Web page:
Let me take you inside the dressing rooms ahead of a Manchester derby. I played for both teams and I am proud that I was never on the losing side.
I used to get a buzz from the Manchester derby, just as the players of both sides will when they meet at Old Trafford tomorrow.
It did not matter that I was not from Manchester, it did not matter that Roy Keane was from Cork in the Republic of Ireland, David Beckham was from London or Dwight Yorke was from Tobago in the Caribbean.
We all spent enough time at Old Trafford to become rooted in the fabric of the club. I had not grown up in Manchester like Wes Brown, Paul Scholes and Nicky Butt, or in nearby Bury like Gary and Phil Neville, but all those Mancunians in the team made sure that we knew the importance of the game. I knew already.
Like my teammates, I learnt the history of the club and their main rivals - though in the 1990s City were not one of them in a playing sense. They are now, but until recently United were on another level.
Not that we could let our guard down. The build up in the week leading up to the derby took many forms. Fans would collar you on the streets, in shops or in the supermarket. They would come up and shake your hand and tell you to score against City. Or City fans would instruct me to have an off game on Saturday.
My family have made Manchester our home. We never thought we would stay. Now we think we will never leave. We are happy here and we know how much of a football city the place is. I have a huge amount of respect for City, but I am a United fan.
Unfortunately, I am in a minority of one in my own home. My son Devante plays at City and they have been great with him. He's City. My daughter supports her brother so she's City. And my wife, a London girl, isn't too fussed about any of the Manchester teams. Tomorrow should be fun.
When I played, I had friends who were United fans and City fans. They would be talking about the game for weeks ahead.
Pride was at stake, bragging rights - yet the last thing the players would do is brag. What mattered was what we did on the pitch.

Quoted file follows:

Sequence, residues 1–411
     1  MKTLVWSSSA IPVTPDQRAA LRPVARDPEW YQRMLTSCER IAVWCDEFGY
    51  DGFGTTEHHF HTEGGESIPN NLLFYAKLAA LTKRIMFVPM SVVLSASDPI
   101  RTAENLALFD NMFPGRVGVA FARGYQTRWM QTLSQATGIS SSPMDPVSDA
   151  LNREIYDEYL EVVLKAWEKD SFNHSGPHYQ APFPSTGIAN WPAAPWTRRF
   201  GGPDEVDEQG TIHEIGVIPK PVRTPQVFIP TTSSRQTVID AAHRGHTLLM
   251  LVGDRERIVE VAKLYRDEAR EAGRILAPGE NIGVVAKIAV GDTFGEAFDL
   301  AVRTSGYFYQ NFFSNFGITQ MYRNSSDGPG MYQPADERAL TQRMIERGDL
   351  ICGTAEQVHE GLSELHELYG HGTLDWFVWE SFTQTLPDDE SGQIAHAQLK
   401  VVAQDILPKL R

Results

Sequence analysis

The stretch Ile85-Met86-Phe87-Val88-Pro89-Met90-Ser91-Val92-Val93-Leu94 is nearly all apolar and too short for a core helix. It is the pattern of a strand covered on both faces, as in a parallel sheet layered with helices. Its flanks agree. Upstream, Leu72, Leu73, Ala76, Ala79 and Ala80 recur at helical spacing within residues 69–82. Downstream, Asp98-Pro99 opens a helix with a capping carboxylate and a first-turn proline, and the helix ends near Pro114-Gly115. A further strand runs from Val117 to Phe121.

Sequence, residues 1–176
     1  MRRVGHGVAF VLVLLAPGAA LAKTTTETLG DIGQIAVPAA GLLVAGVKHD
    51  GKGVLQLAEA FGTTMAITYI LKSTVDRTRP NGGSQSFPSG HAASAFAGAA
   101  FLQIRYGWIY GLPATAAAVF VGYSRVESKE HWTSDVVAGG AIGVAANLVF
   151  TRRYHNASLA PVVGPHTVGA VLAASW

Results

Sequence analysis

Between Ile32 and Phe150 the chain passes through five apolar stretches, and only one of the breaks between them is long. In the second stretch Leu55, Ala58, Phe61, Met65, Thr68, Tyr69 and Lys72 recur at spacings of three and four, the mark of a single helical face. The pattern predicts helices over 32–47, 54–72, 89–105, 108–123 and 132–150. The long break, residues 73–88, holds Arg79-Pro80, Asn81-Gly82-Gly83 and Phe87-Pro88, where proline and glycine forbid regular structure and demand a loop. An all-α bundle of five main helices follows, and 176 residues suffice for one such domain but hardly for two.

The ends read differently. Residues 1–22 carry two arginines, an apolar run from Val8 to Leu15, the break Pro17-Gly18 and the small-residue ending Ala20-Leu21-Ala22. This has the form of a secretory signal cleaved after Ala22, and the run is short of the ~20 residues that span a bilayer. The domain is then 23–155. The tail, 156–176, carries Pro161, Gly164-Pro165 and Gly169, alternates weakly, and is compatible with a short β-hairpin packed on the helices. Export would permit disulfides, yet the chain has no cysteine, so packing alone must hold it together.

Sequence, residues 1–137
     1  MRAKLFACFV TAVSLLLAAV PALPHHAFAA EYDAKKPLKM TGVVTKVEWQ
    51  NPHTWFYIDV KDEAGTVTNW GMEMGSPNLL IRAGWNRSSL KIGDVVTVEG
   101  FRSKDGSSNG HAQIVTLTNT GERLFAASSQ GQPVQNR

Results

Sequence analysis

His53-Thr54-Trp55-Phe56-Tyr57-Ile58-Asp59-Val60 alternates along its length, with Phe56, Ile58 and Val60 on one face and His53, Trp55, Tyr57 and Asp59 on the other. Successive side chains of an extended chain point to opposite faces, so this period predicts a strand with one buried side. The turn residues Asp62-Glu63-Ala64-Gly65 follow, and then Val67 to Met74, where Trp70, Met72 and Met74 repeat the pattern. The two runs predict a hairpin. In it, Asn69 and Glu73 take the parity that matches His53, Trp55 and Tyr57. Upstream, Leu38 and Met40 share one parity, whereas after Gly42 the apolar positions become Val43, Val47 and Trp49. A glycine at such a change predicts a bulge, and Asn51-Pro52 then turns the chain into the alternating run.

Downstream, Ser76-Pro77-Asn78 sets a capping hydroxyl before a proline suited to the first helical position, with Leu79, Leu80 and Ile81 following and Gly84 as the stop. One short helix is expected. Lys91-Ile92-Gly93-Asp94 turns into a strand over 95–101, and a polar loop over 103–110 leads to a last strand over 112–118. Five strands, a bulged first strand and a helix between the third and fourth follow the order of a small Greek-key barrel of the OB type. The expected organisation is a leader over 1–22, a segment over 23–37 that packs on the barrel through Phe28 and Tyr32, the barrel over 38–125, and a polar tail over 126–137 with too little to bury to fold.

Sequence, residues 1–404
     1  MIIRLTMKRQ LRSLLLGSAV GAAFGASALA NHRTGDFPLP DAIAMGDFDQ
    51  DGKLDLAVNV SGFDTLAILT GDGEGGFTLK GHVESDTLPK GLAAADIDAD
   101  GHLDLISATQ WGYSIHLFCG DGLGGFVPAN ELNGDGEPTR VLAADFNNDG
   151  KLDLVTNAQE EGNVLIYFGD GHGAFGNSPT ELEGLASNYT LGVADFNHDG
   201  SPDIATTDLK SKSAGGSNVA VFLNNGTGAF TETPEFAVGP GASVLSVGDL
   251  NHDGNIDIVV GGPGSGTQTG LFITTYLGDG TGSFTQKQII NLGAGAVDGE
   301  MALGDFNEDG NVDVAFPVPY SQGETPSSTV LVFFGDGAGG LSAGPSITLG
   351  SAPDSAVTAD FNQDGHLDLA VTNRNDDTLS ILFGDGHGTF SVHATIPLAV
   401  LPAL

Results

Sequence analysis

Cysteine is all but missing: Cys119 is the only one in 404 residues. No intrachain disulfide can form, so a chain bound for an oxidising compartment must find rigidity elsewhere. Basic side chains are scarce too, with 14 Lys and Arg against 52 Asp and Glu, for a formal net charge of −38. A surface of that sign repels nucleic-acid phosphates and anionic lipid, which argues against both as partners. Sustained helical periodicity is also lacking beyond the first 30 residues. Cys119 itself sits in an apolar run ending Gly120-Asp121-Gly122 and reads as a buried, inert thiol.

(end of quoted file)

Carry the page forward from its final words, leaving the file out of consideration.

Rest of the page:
City were relegated in 1996 and slipped as low as the third division. We did not see them in the Premier League again until 2000.
I was glad to return to Maine Road when they came back. That was a proper football ground with four stands which looked completely different.
The crowd did not like us - and that's being diplomatic.
But that only encouraged me more when the game started. You don't hear the crowd then. It all fades into the background, unless you are playing badly, in which case you hear every comment aimed at you. A few years later, I was playing for City. One or two of their fans did not like the fact that I had been a United player.
I did nothing except put my head down and work to the best of my ability and got a few goals. The fans saw that and were soon supporting me and did not want me to leave in the end.
It was weird to go back to Old Trafford as a City player. To go into the away dressing room.
I still knew everyone there, the tea ladies and the ground staff. I had been back with other teams, but this was the derby when the fans were more tense, louder and more expectant.
I knew all my old teammates and made sure I said hello to them before the game. But once the whistle blew, they were not mates.
I did not know what kind of reception I would get from the United fans wearing the blue of City, but they were good, even though we drew one game and won the other.
They might have been a bit different had I scored the winning goal for City. But as I said, I was never on the losing side and I had a good relationship with both sets of fans.
Carlos Tevez is a great player, but he cannot lay claim to either of those achievements.
Andrew Cole is the second-leading goalscorer in Premier League history. His column is written with the assistance of correspondent Andy Mitten